Tuesday, November 04, 2014

This little piggy went to the minor injuries clinic.

Whilst out on Menorca with my mate Lee I caught my right foot under a tree root as we walked along a dirt path to one of the marks we fished. Luckily this little accident didn't affect the rest of our trip too much but when I returned home the pain in my swollen big toe got so bad that I could hardly walk and had to visit the minor injuries clinic at the hospital. Tendon damage was the nurse's diagnosis and I was simply given some advice on how best to reduce the swelling, manage the discomfort and hopefully speed up the healing process. Luckily my job involves me being sat on my backside for long periods so I only ended up having one day off and it has gradually been getting better every day. Resting it whilst not at work had however meant that I'd not been out fishing for almost two weeks! Some kind of consolation was the fact that the weather during this period had at times been quite bad so perhaps I would not have made it out much anyway.

On Sunday my big toe was feeling OK so I decided to head down the coast to try and add another species to my tally this year, a two spotted goby. There are a couple of spots I've caught these little fish at before but as low water wasn't until later in the afternoon I decided to head to Dunbar Harbour first. The target there was flounder and after casting my drop shot rigged Gulp! Angleworm around the old harbour for half an hour or so I had a solid take at range and a nice flounder soon had my rod bent over and the tip bouncing away.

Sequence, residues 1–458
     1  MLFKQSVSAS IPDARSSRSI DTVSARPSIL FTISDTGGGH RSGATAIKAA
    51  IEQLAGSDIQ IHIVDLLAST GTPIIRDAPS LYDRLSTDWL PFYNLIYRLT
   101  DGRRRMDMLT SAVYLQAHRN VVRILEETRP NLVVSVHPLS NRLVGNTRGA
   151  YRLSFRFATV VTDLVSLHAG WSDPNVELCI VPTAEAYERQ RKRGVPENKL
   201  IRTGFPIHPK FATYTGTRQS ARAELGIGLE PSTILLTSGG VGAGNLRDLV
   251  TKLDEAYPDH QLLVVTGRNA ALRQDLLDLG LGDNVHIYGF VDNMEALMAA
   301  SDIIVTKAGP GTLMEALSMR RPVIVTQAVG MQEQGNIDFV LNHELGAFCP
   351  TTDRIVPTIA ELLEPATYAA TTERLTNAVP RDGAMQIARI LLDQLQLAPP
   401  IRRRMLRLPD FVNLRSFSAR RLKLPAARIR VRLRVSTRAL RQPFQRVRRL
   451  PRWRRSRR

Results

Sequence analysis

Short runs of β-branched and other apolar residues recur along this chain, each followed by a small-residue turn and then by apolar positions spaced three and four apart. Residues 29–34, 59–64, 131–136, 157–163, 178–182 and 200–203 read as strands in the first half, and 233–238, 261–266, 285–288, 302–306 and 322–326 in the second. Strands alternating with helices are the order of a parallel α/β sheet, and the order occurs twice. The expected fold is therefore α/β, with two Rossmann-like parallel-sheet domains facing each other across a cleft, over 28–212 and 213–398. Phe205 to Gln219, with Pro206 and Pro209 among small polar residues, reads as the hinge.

My first fish in a fortnight!

A dozen or so casts later I caught a second flounder which was a bit bigger than the first. It was a bit thicker too and gave a really good account of itself. It also had a big set of rubbery lips and inspecting its head got me thinking about flat fish and their strange lifestyle, essentially swimming around on their sides all the time.

A nice chunky flounder.
Amazing to think of the transformation that flat fish undergo. At a very early stage in development they look like any other round fish with an eye on either side of their head. One eye then migrates over onto the opposite side which becomes their "back". Quite a bizarre process really.

After admiring the lopsided face of my catch briefly I returned it and watched the fish powering off back to the bottom. I then decided to head down the coast to Torness Power Station's outflow area where I'd be trying to find my main target for the day. 

Some of these shallow rockpools to the east of the warm water outflow are home to lots of tiny gobies.

Rigging up a simple split shot rig with a #18 hook I started off with a tiny piece of Gulp Angleworm on it and dozens of common gobies were soon moving from their stationary positions on the bottom and investigating it. After catching a few I still hadn't seen any two spotted gobies though. Common gobies are lightly coloured and any two spotted gobies normally stand out as they have a darker, reddish brown back with four light brown saddles along it. 

There were dozens of these tiny common gobies in the rockpools.

I patiently worked my way around a few rockpools, slowly moving my hook past any likely looking hiding places. After switching to a tiny piece of squid on my hook, which saw tentative exploratory bites become much more positive, I caught a few more common gobies and a few blennies before the sun began to set and I reluctantly admitted defeat. It had been a nice day, especially for the time of year, and despite not catching what I wanted as I drove back up the road I was very glad to finally have gotten out to wet a line again. 

Tight lines, Scott.

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